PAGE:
Encouraging results from Peer-to-Patent

Congratulations to the organizers of

which is carrying off one of the most audacious experiments in
Internet activism in our day. A lot of ink has been spilled about
Barack Obama’s application of social networking techniques to
presidential campaigning (and to Ron Paul’s successful fund-raising
before that) but Peer-to-Patent makes those achievements seem entirely

The premise behind Peer-to-Patent, which many observers called
impractical, was that thousands of experts in technical fields would
flock to the site to read patent applications (if you’ve ever read
one, you’d hike the stakes against success several notches right
there) and would find prior art that would lead to rejection or
restrictions on patent claims.

Well, it’s working. A report released by the non-profit project in

PDF format

reports the data from surveys and an analysis of patents handled
during the first year of the project. The sample is small (23 patents)
but bears some impressive fruit.

First, people are signing up: over 2,000 so far. Second, they’re
submitting prior art: 202 pieces. Most important: they’re enjoying the
work and would volunteer again.

The patent examiners–employees of the US Trademark and Patent Office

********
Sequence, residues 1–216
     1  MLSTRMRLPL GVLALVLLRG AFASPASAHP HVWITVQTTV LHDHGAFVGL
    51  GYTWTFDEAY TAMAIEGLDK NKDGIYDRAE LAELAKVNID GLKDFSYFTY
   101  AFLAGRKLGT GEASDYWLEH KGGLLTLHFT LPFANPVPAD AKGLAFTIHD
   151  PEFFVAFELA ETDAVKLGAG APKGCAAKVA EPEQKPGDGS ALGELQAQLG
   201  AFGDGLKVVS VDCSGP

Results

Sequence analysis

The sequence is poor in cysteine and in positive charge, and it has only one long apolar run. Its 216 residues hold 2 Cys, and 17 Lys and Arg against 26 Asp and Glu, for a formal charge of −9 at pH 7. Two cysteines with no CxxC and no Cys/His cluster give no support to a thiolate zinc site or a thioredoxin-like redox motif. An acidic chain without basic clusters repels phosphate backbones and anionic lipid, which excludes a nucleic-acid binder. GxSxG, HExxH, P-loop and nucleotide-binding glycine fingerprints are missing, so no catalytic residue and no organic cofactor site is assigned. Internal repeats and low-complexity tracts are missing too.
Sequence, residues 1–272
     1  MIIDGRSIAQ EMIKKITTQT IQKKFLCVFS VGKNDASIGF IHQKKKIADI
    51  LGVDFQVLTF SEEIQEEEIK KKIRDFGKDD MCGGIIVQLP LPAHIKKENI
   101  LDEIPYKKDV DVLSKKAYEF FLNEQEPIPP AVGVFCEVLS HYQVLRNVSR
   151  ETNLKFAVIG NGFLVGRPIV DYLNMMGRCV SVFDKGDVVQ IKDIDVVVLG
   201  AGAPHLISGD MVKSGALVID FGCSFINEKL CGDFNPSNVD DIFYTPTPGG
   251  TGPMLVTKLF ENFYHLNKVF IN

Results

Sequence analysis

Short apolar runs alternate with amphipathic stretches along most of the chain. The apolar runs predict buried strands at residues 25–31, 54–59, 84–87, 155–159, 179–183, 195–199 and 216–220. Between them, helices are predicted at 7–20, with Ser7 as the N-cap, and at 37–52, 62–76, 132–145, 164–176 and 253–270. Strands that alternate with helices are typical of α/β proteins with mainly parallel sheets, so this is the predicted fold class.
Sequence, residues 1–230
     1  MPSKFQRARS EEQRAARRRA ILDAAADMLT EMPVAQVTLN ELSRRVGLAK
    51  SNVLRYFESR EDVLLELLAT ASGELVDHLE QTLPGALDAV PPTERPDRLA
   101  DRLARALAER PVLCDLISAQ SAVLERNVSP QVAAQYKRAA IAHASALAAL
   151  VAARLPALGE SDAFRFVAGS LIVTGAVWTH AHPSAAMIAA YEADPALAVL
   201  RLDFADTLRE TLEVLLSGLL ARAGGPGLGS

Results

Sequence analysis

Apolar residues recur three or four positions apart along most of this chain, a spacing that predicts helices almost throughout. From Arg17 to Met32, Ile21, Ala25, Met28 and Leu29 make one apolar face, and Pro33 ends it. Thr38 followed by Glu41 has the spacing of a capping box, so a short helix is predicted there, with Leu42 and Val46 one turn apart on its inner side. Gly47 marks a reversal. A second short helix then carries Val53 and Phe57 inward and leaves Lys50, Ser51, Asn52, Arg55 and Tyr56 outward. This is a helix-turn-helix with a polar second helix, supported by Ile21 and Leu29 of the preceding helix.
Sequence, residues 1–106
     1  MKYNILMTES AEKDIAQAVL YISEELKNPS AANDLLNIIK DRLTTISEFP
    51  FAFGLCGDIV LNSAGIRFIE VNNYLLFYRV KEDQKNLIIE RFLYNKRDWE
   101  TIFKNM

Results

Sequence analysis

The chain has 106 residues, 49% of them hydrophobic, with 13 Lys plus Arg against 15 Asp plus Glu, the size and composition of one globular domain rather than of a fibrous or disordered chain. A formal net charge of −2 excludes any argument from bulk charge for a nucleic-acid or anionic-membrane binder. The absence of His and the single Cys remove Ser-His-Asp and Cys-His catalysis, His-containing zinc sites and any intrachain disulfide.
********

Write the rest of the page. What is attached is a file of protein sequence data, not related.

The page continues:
who are responsible for evaluating applications–also like the
project. They overwhelmingly say they appreciate the submissions and
would like to work with the community more.

How about the proof of the patent pudding? Nine rejections of patent
claims cited prior art found by the Peer-to-Patent volunteers.

Even more significant is the sources of the prior art. When
patent examiners reject a patent, they usually cite previous patents
as prior art. This has undeniable value by keeping someone who is not
truly an inventor from gaining control over an existing technology,
but it doesn’t perform the crucial role of the Patent Office in
protecting public information that is already open for use by

So when the Peer-to-Patent project finds that volunteers submit a
relatively high percentage of non-patent prior art, it suggests that
they can really keep free information free: unencumbered by
unwarranted patents.

We need a lot more data, of course, before we’ll know whether
Peer-to-Patent really works. But it’s different from other
patent-busting projects because it’s structured around effective group
participation. It’s not just a form to fill out or a Slashdot-style,
free-for-all comment page. It’s a real community, with a clearly
defined purpose and a spirit of cooperation.

Even if it becomes institutionalized, Peer-to-Patent can’t fix
everything that’s wrong about the patent system. That will require a
close look at laws, at patent office regulations and funding, and even
at the structure and incentives in the court system that handles
patent litigation.

What Peer-to-Patent does suggest is that governments and
volunteers from around the world can work together to solve problems.
Government can become more efficient and respond more flexibly to
public needs, while individuals can effectively wield power by working
together. Technology is central to the effort. Let’s watch this

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